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after harris, they did various remodeling to it, put the wide veranda on the front, the window dormers. basically when cameron came here, the house was -- had to o low a ceiling to accommodate two mirrors he bought in france. somehow he got them across the atlantic in what would have been sailing ships, in one piece. absolute pristine condition today. to my mind, those mirrors changed the whole complexion of the house. because he wanted to victorianize it. boughtother things -- glass windows, chandeliers, mantles. the two front bedrooms upstairs are likely aware of both the harris family and the cameron family, they made those their master bedrooms. the south rim of their -- south was furnished with
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furnishings that would have been common in the harris area and furnishings that would have been more common when cameron and his family lived here. the house was basically two pieces. the back stone portion probably dates to harris' original construction or shortly thereafter. in between it, there possibly was a summer kitchen made of wood frame. he had that demolished and he had a stone dining room that connected the two ends of the houses, where we are standing right now. this was to be a formal dining room. if you came to harrisburg, you just had to go visit mr. cameron. he had both connections with harrisburg and washington. after the civil war, general grant and sherman were here, all sorts of famous persons would come to visit. if you came to harrisburg, you just had to go visit mr. cameron. cameron's wife died in 1874. and so he was a widower for the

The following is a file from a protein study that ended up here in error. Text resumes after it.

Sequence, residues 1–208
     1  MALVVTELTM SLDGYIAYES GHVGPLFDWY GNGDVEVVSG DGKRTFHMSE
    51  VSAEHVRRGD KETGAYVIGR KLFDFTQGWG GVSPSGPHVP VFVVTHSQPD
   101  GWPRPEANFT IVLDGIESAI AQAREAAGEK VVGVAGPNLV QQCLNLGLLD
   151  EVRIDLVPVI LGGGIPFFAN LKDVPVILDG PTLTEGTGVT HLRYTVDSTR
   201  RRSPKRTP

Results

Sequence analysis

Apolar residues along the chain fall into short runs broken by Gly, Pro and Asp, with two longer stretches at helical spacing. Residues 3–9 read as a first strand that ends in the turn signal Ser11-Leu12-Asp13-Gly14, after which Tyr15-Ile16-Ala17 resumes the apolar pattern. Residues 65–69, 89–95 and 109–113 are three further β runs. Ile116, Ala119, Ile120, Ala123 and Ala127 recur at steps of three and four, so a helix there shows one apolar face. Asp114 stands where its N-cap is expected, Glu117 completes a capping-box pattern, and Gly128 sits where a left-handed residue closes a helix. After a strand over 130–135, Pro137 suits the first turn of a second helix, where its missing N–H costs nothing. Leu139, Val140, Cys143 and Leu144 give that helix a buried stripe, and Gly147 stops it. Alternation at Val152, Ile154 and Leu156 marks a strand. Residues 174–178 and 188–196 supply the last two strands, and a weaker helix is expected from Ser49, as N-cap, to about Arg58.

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last few years of his life. he died in 1889, but he was a much sought after bachelor because he was so wealthy. the historical society of dauphin county was founded in 1869. fortunately, the cameron heirs gave the historical society this house in 1941, and it has been in our care ever since. i think what people will take away from here is a story of survival of a house, but also of the man who really decided that this should be the capital of the state of pennsylvania, before anybody else did. and i think that's really amazing. he had some real foresight. >> this weekend, we are featuring the history of harrisburg, pennsylvania together with our comcast cae